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The Gold Standard
Rick Reilly
March 04, 2002
Sarah Hughes's Olympic gold medal in figure skating is the sweetest story in sports this century, and here's why.
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March 04, 2002

The Gold Standard

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Sarah Hughes's Olympic gold medal in figure skating is the sweetest story in sports this century, and here's why.

One, it proves parents don't have to ship their eight-year-olds to some coaching guru a thousand miles away. Tara Lipinski's dad didn't live with his daughter after she was 10. Tim Goebel's dad didn't after his son was 11. But Sarah's father, John, wasn't just a check-sending service. He got to see his little girl grow right there in the family's ranch house in Kings Point, N.Y. "I don't see how this moment could be as joyous if I hadn't been with her the whole time," he says.

Two, it saved the Salt Lake City Olympics, which were so full of bribery, cheating and protests you could've sworn you were at the Little League World Series. Then here comes a straight-A student snatching the gold from fourth place when the only thing she really wanted to accomplish was "eating lunch in the [athletes' village] cafeteria." Delicious.

Three, it saved figure skating. Until Hughes, this was a sport in which anything couldn't happen. Hughes had been out-skating diva Michelle Kwan for two years. In speed, and in height and difficulty of jumps, Hughes had blown by Kwan as if she were a 1975 Plymouth Duster. In Salt Lake City the judges finally caught up. That's the lovely irony of this story. Without the stench of Skategate, judges wouldn't have been free to do the right thing. Thank you, Marie-Reine Le Gougne.

Four, it's sweet for Sarah's spunky mom, Amy, who a few years ago spent more than three months in the hospital beating breast cancer, chemo, radiation, stem-cell transplants, nausea and pain. Her family pulled her through it. Oldest daughter Rebecca would fly in from Harvard on weekends to help take care of the younger girls. Oldest son Dave gave blood platelets. John went to skating competitions and held up his cell phone so Amy could listen to Sarah's music and hear the applause. Seems as if every time he did that, Amy could take more platelets than usual. "She's my Dr. Sarah," Amy says.

Five, it's going to unnerve Sarah's hilarious 18-year-old brother, Matt. When he's home from college, he is not allowed to enter her room, not allowed to eat all her home-baked chocolate-chip cookies and has to share a bathroom with the little brat. "Dang," Matt says, "now that she's Olympic champion, do I have to leave the toilet seat down?"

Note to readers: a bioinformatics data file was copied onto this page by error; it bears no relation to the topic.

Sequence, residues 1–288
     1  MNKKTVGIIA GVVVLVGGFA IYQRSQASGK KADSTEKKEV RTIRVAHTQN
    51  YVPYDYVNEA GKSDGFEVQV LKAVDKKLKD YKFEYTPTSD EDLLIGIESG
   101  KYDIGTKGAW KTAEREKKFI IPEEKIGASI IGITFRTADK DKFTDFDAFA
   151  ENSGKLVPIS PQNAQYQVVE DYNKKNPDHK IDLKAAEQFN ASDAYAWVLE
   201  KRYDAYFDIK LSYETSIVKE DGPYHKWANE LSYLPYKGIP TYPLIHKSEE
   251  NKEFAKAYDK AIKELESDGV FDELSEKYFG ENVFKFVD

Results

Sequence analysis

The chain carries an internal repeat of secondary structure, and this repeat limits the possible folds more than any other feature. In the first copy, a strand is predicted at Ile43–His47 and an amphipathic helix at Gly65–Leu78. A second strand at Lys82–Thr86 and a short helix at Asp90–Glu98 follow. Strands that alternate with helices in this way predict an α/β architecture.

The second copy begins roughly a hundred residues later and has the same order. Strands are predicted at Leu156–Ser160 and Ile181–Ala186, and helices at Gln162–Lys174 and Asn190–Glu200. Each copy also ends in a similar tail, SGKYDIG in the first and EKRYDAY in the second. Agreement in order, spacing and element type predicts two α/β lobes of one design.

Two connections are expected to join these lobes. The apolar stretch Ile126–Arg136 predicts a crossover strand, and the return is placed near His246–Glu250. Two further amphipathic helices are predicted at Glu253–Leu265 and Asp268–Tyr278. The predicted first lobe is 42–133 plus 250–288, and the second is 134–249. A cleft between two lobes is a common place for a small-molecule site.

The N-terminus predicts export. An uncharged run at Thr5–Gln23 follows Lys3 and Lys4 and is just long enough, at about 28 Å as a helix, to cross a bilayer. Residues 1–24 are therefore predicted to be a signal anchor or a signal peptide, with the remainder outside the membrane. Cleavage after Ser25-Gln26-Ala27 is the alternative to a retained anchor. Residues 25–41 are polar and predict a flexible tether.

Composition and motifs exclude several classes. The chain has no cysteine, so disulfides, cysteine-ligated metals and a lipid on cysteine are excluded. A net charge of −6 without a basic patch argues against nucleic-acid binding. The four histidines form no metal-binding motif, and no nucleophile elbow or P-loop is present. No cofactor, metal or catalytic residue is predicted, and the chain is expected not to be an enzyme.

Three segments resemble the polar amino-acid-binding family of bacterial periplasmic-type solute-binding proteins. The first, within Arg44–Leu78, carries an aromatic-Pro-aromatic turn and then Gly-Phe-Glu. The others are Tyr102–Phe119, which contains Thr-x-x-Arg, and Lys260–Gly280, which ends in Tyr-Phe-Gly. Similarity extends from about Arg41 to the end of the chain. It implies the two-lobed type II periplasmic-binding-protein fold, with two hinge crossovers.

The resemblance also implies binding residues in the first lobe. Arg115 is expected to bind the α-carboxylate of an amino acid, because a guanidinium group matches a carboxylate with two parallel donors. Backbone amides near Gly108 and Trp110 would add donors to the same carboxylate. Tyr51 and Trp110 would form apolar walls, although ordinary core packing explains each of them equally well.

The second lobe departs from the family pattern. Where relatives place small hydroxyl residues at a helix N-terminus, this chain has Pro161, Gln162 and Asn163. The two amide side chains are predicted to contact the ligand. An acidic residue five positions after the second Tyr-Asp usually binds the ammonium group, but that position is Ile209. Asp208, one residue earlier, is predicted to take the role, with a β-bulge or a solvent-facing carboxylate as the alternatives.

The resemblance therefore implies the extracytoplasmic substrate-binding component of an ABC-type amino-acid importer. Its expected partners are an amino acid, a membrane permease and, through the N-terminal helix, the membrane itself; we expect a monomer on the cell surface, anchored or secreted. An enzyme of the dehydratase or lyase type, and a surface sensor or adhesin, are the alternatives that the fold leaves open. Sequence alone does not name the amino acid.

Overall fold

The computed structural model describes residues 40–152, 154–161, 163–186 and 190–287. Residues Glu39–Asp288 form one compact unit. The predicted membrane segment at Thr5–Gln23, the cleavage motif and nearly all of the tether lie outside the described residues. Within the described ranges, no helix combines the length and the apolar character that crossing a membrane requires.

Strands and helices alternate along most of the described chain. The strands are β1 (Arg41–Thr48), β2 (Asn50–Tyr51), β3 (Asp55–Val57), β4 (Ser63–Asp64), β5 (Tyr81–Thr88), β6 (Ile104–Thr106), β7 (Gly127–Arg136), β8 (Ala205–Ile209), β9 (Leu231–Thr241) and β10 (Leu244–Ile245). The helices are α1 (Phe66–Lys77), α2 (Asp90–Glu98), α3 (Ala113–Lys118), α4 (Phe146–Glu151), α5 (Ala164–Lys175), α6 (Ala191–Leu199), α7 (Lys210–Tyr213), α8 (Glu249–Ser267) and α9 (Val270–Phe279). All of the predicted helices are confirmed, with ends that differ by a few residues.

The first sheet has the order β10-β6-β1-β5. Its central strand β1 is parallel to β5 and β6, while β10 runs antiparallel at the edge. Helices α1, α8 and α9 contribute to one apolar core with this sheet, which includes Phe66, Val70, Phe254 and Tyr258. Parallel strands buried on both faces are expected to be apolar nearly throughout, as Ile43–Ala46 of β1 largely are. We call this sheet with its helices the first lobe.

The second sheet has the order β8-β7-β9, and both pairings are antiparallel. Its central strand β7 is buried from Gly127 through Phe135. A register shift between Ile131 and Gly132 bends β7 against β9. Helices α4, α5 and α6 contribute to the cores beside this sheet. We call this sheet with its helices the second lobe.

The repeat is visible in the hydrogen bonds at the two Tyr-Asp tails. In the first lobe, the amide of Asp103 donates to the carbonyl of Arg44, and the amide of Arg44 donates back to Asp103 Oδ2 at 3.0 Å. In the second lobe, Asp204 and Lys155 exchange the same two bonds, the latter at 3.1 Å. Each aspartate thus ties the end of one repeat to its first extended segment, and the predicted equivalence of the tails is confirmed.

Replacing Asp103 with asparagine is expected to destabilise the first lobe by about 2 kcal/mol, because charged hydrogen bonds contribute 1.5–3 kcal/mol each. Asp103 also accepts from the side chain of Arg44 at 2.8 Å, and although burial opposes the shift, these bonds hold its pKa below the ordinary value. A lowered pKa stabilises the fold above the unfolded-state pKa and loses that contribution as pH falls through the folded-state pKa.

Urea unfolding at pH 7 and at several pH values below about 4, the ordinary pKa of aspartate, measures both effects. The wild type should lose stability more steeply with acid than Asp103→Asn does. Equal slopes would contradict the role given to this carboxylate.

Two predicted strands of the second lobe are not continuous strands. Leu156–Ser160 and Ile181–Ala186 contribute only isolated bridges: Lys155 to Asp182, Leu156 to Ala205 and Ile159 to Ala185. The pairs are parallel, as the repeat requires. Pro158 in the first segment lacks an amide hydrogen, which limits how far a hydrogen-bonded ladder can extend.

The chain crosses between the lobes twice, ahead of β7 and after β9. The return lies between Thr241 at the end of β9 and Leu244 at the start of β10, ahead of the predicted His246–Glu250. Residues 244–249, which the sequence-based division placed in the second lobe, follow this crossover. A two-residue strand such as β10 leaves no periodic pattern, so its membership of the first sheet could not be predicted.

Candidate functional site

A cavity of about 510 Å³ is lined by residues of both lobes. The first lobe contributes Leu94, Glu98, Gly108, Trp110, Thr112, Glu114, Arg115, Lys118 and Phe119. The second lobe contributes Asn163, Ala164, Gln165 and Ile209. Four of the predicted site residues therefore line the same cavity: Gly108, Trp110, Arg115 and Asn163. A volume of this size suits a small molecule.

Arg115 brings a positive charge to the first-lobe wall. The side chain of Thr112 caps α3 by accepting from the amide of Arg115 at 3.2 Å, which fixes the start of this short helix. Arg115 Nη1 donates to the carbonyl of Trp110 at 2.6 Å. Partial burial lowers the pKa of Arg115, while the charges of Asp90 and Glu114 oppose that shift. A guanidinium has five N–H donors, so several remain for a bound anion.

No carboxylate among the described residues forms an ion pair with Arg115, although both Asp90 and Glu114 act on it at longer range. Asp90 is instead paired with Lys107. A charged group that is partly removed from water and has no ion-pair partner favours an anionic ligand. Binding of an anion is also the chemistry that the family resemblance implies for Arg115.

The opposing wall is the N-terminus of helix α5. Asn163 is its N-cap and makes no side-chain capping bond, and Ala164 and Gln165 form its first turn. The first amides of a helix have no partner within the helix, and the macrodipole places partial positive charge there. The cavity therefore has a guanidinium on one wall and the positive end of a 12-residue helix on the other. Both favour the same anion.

Six, it provides hope to every young female figure skater who's more of a checking forward than a sequined ice queen. Hughes is a pure jock who never went to Frozen Smile and Fake Wave School. Her smile is huge and real and looks great under that Brett Hull nose, doesn't it?

Seven, it's proof that grounded kids soar the highest. Sarah, a junior at Great Neck North High, used to play violin in the school orchestra, does her own laundry and has to get her homework done. She even wrote two articles for the school paper after she left for Salt Lake City. This kid never believed her worth was tied to her latest score. So while Kwan and Irina Slutskaya bonked under finals pressure, Hughes looked like a kid running in a meadow.

Eight, it may not even be the coolest thing this girl ever does. She's as unbeatable as a photo speeding ticket. At five, her goal was to win an Olympic gold medal. At 16, her goal is to score "in the high 1,500s" on her SATs. (She brings her study guide to practice.) She hopes to become a doctor. If she ends up as Belle in Disney's Beauty and the Beast ice show, I'll eat my laptop.

Nine, have I mentioned it's about family? Two hours before she was to skate, Hughes started getting butterflies the size of Cessnas. She called Matt on his cell phone. "Matty, tell me a joke," she said. So Matt says, "Grasshopper walks into a bar. Bartender says, 'Hey, we got a drink named after you.' And the grasshopper goes, 'You got a drink named Irving?' " Sarah laughed. Hey, your family pulls you through.

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